The prime minister clearly hoped that her Chequers package could at least be sold to the warring factions in her own party. The swift resignations of her Foreign and Brexit secretaries soon put paid to that. The European Research Group (ERC) of hard-Brexiteers, led by Jacob Rees Mogg (JCM), were emboldened to openly rebel. The government then went on to accept amendments from him that seemingly contradicted the principles on which its and her own package was based.
That, in turn, prompted 12 Conservative Remainer MP’s to table an amendment of their own requiring the government to consider staying in the customs union if no EU agreement had not been reached by the end of January 2019 – their initial promise to give ‘a fair wind’ to the new approach blown away by May’s apparent craven capitulation. It was defeated by a mere three votes, and then only after four Labour MP’s, including Frank Field, defied their own party’s three-line whip to vote with the government.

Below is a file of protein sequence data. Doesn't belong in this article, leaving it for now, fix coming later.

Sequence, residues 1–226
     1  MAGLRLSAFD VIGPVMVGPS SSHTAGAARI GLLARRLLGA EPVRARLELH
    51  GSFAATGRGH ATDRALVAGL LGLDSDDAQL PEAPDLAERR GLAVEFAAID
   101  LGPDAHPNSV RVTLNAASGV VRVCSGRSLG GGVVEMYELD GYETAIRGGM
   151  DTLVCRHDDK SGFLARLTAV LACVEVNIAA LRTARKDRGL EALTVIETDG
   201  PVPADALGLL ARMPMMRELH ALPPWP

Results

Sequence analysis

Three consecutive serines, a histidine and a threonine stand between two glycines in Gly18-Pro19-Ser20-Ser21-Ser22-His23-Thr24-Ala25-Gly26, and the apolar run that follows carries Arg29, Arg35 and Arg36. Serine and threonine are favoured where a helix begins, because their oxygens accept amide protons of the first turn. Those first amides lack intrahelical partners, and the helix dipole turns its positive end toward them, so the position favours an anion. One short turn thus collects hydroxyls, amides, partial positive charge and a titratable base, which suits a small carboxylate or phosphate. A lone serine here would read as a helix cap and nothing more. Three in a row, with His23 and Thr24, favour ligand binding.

May’s decision, on the surface, puzzling. She had earlier – at least according to some reports – advised Conservative Remainers to hold fire on their amendment and to wait for the EU to knock-back her then-forthcoming Chequers offer. She could have then told Parliament that the only way that to avoid either NI/Ireland border infrastructure or an Irish Sea border, as well as the maximum economic disruption of a disorderly exit, would be to accept, in effect, the UK staying in a CU equivalent to the existing one beyond the already-agreed two-year transition or implementation period slated to end in December 2020, where no tariffs or quotas or intrusive border ‘rules of origin’ checks would be needed, or levied, or conducted on goods travelling between the EU and UK. The UK would continue to levy, collect, and remit the EU’s applicable Common External Tariff (CET) on all goods imported into the UK from the rest of the world (ROW).
Such a position with government support could have been expected to pass Parliament given Labour Party support for the UK to remain a customs union.